So back to the economy. As consultant Steve Lombardo writes at The Huffington Post, the signs are not good for POTUS:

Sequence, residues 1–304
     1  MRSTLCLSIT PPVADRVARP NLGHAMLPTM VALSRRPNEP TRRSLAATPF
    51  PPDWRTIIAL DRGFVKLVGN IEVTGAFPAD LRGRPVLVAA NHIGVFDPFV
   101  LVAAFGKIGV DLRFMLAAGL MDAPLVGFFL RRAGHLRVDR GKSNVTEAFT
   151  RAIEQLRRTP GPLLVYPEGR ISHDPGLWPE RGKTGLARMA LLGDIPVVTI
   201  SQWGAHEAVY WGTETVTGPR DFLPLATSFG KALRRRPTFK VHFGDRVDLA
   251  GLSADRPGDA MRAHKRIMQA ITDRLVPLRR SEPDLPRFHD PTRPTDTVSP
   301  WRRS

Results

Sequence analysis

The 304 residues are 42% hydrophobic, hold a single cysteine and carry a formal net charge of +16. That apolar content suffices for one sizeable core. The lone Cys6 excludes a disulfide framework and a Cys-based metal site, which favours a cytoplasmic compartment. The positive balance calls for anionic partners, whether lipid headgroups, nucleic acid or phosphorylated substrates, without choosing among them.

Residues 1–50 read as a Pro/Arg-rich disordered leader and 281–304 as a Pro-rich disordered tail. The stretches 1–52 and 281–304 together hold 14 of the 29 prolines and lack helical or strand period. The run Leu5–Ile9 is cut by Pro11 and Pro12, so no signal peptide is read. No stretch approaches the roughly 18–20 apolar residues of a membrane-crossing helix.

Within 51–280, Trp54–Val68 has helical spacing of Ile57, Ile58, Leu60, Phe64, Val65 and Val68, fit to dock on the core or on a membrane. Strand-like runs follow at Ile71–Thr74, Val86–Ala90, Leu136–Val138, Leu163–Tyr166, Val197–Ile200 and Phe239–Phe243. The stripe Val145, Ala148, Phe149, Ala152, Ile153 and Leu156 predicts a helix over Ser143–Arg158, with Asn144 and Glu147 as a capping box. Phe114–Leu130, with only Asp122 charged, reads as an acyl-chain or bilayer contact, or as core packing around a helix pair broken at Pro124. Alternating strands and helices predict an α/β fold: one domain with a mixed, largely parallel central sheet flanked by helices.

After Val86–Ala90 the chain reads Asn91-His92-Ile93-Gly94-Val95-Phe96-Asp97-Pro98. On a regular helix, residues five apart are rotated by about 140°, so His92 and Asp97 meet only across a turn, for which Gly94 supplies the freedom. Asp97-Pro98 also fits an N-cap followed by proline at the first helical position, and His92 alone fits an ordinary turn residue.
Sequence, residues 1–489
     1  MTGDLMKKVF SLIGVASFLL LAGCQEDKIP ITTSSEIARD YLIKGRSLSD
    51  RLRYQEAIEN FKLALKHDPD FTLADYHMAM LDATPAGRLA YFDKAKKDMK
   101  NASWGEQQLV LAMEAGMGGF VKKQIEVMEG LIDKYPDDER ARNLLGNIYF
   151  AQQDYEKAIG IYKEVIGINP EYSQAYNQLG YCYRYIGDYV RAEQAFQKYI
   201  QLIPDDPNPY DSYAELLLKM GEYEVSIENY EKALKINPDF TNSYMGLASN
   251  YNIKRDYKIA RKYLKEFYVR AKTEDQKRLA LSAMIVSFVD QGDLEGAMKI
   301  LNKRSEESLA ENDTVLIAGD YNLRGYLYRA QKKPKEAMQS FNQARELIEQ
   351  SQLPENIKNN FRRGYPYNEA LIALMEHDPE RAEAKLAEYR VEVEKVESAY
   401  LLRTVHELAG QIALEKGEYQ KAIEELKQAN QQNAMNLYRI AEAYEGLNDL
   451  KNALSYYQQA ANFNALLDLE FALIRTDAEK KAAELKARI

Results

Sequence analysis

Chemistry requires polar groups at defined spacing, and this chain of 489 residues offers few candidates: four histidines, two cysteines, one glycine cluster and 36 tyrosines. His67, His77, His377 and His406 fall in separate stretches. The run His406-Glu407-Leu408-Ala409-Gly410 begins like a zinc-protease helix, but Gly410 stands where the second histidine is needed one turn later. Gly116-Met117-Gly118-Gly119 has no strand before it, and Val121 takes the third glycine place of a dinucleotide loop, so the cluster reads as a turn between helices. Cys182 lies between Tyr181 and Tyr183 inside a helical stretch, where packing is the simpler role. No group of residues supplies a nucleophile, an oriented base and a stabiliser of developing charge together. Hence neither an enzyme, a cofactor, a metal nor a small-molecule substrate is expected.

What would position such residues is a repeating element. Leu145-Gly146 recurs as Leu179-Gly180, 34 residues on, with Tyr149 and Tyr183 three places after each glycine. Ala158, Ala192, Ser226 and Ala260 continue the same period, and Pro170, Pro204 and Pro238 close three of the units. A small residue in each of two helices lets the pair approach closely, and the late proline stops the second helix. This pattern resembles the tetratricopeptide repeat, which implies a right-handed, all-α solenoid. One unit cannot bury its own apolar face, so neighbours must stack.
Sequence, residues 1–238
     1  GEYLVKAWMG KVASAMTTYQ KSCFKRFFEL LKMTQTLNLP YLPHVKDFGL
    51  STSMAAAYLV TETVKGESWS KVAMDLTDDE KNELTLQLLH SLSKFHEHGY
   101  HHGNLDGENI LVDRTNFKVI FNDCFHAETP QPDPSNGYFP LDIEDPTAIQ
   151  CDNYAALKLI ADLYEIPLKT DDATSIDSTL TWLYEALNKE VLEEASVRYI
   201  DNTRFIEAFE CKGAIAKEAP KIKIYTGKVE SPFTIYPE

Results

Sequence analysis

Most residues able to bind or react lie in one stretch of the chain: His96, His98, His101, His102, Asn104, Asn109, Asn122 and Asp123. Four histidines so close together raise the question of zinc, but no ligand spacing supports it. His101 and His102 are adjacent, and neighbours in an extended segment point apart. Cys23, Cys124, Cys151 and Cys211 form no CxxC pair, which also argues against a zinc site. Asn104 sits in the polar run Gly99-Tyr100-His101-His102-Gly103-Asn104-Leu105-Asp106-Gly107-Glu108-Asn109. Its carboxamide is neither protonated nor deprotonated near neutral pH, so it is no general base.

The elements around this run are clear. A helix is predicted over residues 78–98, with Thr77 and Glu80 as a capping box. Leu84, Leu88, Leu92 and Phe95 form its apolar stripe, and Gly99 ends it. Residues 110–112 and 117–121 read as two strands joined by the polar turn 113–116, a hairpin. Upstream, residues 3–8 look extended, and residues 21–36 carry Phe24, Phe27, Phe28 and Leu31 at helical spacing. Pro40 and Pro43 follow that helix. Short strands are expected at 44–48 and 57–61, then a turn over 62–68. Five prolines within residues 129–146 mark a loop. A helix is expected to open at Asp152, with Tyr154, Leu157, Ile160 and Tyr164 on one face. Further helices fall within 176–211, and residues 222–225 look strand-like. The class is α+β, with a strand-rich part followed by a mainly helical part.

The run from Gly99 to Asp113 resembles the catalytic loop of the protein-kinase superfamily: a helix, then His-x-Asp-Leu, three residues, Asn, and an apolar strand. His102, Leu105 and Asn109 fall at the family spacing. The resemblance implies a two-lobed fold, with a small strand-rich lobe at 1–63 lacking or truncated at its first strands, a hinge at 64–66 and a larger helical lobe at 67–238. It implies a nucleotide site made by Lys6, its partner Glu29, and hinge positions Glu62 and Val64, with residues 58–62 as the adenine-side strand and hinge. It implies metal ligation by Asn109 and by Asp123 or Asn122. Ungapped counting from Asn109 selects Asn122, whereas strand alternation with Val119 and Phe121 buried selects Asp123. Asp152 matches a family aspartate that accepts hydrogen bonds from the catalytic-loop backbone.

This is all about the perceptions of the economy and nothing else matters. Extreme comment you say? Well, think of it this way: on May 1, the President announced to a stunned and grateful nation that a Navy Seal team had just taken out Osama Bin Laden. Most public polls showed an immediate bump of 4 to 8 points in the President's approval rating. This lasted less than two weeks. Obama had done something Bush could not achieve over seven long years, and voters only gave him a modest and short-lived bounce. Obama's long, slow decline in approval appears to be decoupled from the major news events of his presidency. Other than the aforementioned successful raid which killed Osama bin Laden, non-economic events appear to have no lasting impact on voter perceptions of Obama. This is equally true of negative events: 66 soldiers died in Afghanistan last month--the highest monthly toll ever in that war--and there was barely a blip. Other events that Democrats would consider to be the signature achievements of Obama's presidency, such as the passage of the stimulus and health care reform legislation, had little or no lasting impact on Obama's approval rating. Simply put, we rather doubt that there is anything the President can do or say which will change perceptions of his Presidency. Obama needs either substantive improvement on the economy or a major mistake by his GOP rival to win 14 months from now.